The spectacle of divorce law in Evelyn Waugh's A Handful of Dust and A. P. Herbert's Holy Deadlock

Henry Kha

Research output: Contribution to journalArticlepeer-review

2 Citations (Scopus)

Abstract

The article examines the way Evelyn Waugh's A Handful of Dust (1934) and A. P. Herbert's Holy Deadlock (1934) express popular dissent against the divorce laws of England in the 1930s. These novels satirized the legal process of obtaining a divorce as farcical and tainted by parties colluding to stage “hotel divorces” in order to satisfy the single-fault ground of adultery. This article argues that these novels helped to articulate widespread opposition towards the Matrimonial Causes Act 1857, which only allowed divorce to be granted for adultery alone. The writings also spurred parliamentary debate and ultimately paved the way forward for the introduction of the Matrimonial Causes Act 1937. Herbert played a unique part in the campaign for divorce law reform. Both as a novelist and as a parliamentarian, Herbert composed legal satires and successfully introduced the Divorce Bill into the British Parliament respectively.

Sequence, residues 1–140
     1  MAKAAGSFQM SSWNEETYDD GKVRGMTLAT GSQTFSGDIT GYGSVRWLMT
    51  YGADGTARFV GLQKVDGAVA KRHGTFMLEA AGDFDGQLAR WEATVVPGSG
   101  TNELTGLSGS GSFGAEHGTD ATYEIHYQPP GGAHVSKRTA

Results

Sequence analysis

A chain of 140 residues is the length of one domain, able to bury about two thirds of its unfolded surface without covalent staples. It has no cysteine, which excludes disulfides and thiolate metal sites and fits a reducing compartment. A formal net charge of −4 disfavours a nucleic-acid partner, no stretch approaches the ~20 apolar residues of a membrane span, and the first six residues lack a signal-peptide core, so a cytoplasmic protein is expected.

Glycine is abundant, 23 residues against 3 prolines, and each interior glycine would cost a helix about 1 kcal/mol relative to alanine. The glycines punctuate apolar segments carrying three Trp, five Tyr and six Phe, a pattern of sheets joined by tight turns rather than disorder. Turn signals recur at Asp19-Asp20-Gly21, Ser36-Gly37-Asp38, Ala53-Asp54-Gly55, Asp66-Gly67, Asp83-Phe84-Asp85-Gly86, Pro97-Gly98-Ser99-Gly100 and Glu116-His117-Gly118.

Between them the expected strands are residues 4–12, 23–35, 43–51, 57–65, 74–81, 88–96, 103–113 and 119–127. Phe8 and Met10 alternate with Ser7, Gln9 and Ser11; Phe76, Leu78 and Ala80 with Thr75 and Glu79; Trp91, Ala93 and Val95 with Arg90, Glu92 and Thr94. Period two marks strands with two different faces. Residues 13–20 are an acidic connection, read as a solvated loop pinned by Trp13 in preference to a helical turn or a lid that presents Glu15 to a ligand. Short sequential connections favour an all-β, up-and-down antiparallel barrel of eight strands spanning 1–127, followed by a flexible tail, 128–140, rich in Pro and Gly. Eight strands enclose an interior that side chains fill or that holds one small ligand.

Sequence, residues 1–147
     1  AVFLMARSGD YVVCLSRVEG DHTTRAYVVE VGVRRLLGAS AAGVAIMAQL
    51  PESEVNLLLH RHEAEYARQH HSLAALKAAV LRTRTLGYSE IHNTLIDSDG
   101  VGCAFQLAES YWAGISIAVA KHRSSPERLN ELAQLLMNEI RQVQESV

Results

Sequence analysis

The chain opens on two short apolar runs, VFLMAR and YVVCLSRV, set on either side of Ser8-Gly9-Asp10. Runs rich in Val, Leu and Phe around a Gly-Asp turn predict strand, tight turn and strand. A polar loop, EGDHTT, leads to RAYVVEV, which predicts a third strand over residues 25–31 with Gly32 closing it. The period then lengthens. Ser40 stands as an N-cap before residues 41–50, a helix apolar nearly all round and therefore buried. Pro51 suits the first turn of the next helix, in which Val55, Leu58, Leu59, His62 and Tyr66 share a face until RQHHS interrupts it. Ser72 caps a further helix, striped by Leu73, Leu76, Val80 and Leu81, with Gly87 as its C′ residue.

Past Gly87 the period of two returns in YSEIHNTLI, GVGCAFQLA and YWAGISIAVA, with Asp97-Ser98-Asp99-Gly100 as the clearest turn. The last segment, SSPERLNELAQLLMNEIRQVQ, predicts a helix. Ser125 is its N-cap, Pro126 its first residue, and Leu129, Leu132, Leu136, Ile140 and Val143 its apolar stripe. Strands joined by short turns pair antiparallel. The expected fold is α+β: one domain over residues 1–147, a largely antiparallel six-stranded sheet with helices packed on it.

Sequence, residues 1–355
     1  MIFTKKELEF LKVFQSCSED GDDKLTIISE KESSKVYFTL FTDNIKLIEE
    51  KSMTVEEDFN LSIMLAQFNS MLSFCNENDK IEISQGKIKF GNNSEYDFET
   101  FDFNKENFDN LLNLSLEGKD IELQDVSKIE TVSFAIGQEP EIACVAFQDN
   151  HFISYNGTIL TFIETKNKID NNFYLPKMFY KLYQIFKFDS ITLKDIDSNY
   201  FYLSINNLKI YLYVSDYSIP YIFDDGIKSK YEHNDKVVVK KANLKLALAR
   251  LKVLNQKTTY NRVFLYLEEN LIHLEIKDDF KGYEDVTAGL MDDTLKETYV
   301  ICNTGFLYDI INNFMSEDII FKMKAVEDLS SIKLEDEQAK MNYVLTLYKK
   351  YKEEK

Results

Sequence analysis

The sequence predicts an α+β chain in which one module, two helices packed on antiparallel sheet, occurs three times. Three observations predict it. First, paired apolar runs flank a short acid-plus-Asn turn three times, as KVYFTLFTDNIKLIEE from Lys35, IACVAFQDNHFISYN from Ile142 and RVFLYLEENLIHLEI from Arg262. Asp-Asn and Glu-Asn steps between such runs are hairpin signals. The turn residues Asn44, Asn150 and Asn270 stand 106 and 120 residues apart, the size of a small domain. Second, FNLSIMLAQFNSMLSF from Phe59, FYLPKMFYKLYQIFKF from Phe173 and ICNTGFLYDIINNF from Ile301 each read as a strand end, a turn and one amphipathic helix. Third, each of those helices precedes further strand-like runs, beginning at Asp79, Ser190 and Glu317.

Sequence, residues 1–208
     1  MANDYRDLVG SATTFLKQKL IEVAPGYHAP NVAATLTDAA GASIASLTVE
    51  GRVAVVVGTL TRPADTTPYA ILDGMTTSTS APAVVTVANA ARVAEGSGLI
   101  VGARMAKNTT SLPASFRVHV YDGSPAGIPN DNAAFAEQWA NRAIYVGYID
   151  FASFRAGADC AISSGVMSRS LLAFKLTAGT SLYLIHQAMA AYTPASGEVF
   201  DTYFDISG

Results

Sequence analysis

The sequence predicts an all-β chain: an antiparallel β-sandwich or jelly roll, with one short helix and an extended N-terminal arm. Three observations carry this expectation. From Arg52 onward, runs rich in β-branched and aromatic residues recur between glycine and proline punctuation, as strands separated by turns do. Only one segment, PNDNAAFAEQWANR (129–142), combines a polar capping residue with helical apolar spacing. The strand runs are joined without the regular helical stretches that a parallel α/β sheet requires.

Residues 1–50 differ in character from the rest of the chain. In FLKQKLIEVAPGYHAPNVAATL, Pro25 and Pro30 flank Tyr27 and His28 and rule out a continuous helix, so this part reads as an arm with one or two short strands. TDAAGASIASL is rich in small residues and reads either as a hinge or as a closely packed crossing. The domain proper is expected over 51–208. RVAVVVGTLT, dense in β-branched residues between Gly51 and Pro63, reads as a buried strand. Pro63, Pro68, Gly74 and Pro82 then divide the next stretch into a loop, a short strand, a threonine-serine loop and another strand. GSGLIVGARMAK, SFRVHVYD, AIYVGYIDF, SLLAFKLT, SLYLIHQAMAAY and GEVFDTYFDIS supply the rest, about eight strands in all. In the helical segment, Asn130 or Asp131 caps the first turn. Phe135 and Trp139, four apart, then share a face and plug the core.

Original languageEnglish
Pages (from-to)267-285
Number of pages19
JournalLaw and Literature
Volume30
Issue number2
DOIs
Publication statusPublished - 2018
Externally publishedYes

Keywords

  • divorce law
  • law reform
  • newspapers
  • interwar Britain
  • Evelyn Waugh
  • A. P. Herbert

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